The Real Cost of Slowing Down


I DON’T KNOW how many times a dentist has told me how he or she plans on cutting back and slowing down as he gets closer to retirement. I had never thoroughly analyzed the effects of a cutback before, so I decided to take a very close look at what the exact results of such a cutback would be.

On first blush, you might presume a practice with an overhead of 60 percent that cuts back its income $100,000 per year would result in a $40,000 loss in income. However, the only expenses on the last $100,000 were basically laboratory and clinical supply expenses, which together usually total about 15 percent. Add another 10 percent savings for salary cutbacks, and the total incremental expense is approximately 25 percent on the last $100,000 of income. In this case, reducing the practice income by $100,000 would have resulted in an expense savings of only 25 percent — or $25,000— but it would result in a loss in owner net income of 75 percent, or $75,000. Since this practice had a price value of 70 percent of its gross collections, a reduction of $100,000 would result in a lowering of its price by $70,000!

Now consider the plight of another dentist whose practice we listed. Over the past six years, he reduced his income by $300,000 as a result of cutting back his production time. For the sake of analysis, let’s use an average annual cutback of $50,000 per year for five years. Let’s see what economic impact that decision has on his practice. This particular dentist unknowingly actually cut his practice back past his break-even point. That is, he did not generate enough income to cover his annual expenses! I am sure he would not have knowingly taken this course of action, and I am equally sure that he did not realize the financial implications of his actions.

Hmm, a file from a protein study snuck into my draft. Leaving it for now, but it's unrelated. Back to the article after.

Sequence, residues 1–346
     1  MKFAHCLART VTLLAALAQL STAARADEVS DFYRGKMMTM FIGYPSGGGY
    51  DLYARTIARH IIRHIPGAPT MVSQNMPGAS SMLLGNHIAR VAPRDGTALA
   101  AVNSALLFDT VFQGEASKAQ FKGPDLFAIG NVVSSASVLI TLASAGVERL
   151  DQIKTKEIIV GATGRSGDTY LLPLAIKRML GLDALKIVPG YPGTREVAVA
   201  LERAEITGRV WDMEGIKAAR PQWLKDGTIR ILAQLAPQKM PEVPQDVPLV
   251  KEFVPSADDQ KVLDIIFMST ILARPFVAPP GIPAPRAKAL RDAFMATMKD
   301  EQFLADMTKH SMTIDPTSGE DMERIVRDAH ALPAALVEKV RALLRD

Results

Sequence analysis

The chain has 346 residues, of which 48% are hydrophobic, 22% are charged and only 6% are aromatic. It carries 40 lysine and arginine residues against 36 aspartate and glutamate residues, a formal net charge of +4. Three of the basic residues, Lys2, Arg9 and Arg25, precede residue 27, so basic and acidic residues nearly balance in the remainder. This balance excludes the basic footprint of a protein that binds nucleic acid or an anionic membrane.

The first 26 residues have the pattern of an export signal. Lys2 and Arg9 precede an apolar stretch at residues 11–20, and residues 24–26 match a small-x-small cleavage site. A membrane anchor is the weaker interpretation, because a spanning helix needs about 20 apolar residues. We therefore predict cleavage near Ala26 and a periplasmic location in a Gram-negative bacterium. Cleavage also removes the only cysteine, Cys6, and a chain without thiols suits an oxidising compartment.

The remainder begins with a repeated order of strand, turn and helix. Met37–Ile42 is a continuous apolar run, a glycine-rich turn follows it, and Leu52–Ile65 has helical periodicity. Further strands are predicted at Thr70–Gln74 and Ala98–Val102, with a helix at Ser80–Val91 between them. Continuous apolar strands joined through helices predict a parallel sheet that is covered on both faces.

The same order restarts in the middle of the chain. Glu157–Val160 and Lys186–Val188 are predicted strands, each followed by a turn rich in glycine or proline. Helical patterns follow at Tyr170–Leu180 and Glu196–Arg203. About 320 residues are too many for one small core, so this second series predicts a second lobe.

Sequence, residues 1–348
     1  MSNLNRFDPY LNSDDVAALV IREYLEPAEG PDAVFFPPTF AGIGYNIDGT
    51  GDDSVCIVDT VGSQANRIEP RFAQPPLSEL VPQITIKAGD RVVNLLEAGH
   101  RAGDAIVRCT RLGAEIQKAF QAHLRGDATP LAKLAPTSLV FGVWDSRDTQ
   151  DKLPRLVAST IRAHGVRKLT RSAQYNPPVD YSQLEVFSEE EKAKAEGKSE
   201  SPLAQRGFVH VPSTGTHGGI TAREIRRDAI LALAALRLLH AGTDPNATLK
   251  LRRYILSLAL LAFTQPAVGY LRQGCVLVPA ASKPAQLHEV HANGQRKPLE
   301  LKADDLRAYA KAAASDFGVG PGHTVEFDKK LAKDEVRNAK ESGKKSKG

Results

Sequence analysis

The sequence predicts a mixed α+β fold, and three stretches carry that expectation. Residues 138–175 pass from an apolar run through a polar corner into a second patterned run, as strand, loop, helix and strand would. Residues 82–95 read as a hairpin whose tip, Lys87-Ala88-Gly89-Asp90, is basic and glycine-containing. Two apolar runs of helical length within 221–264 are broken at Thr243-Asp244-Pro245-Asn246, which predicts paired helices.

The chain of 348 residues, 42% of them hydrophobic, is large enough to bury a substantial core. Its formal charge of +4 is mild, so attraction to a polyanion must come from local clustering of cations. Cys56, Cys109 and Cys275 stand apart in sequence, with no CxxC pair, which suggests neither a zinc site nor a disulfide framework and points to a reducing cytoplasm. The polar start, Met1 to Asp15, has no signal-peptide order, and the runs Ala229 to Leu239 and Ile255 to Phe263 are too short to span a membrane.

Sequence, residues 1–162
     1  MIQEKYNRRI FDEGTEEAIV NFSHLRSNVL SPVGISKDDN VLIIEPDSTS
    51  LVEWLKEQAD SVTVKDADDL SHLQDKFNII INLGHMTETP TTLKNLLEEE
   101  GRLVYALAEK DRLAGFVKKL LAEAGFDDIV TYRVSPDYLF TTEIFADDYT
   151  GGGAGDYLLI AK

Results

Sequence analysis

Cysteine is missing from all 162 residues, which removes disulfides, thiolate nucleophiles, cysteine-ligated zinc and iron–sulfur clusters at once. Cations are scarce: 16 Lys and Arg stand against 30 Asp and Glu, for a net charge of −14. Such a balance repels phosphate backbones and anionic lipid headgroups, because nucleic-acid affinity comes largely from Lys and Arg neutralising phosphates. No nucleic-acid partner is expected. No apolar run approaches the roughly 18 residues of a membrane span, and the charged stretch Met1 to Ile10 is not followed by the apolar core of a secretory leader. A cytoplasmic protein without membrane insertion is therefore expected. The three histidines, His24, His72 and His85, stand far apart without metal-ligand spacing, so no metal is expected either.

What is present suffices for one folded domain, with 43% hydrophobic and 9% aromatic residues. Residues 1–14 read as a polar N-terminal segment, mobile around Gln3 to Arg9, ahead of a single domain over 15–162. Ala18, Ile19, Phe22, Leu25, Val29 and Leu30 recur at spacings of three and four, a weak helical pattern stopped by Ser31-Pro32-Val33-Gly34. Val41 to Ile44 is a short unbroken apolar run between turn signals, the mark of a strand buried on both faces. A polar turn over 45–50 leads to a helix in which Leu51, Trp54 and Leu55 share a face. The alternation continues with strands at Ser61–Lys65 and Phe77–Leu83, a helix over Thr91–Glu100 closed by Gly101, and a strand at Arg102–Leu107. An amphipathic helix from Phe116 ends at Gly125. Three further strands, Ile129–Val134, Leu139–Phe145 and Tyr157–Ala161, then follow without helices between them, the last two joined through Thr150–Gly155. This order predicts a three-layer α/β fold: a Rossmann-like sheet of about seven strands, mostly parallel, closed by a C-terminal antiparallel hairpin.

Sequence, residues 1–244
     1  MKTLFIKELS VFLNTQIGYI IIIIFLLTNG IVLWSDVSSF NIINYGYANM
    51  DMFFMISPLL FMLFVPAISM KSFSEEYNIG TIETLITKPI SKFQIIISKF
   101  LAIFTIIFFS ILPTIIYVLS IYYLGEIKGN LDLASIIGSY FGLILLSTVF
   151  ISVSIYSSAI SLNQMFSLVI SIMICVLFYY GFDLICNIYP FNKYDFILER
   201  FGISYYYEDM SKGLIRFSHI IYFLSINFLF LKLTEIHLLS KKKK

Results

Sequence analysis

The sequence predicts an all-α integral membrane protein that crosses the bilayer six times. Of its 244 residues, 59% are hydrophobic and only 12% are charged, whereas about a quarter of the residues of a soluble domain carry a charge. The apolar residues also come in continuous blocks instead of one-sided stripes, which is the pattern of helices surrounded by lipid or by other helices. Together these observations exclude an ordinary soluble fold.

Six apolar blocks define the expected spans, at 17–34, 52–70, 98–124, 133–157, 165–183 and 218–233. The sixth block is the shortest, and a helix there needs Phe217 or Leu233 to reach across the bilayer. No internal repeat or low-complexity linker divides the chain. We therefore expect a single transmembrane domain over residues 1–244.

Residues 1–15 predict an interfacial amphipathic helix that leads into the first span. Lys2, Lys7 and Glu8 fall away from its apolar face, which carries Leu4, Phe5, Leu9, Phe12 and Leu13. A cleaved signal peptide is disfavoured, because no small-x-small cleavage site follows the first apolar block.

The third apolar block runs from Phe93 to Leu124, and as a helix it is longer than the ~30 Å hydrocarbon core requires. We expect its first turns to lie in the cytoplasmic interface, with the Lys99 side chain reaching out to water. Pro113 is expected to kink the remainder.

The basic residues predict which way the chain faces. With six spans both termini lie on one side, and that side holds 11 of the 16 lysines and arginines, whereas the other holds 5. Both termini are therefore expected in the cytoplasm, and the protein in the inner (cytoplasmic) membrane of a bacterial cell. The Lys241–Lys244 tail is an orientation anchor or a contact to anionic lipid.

He might have thought that a $300,000 reduction in his practice income, spread over six years, would create $120,000 loss in income, and that it was worth it for the extra “free” time. But he did not understand the true structure of the economics of a dental practice — that is, the overhead from the first dollar earned up to the break-even point is 100 percent. After the break-even point, overhead expense is approximately 25 percent of the incremental earnings. The blended overhead rate may be 60 percent, but this is useless information. In this case, this statistic misled the owner into taking a much more costly path than he would have otherwise taken. In this case, the final result was much worse — the practice could not be sold during the owner’s lifetime
because it did not make a profit.

The saddest part of not understanding this phenomenon is that I have seen too many dentists in the last years of their practice working for free, when their health and passion for practicing have both greatly diminished. When dentists considering retirement understand that the sale proceeds will equal the income they earn for the next three years, and they continue to practice, they work those years for free! Another decision that would not have been made if the facts were fully understood.

Earl M. Douglas, DDS, MBA

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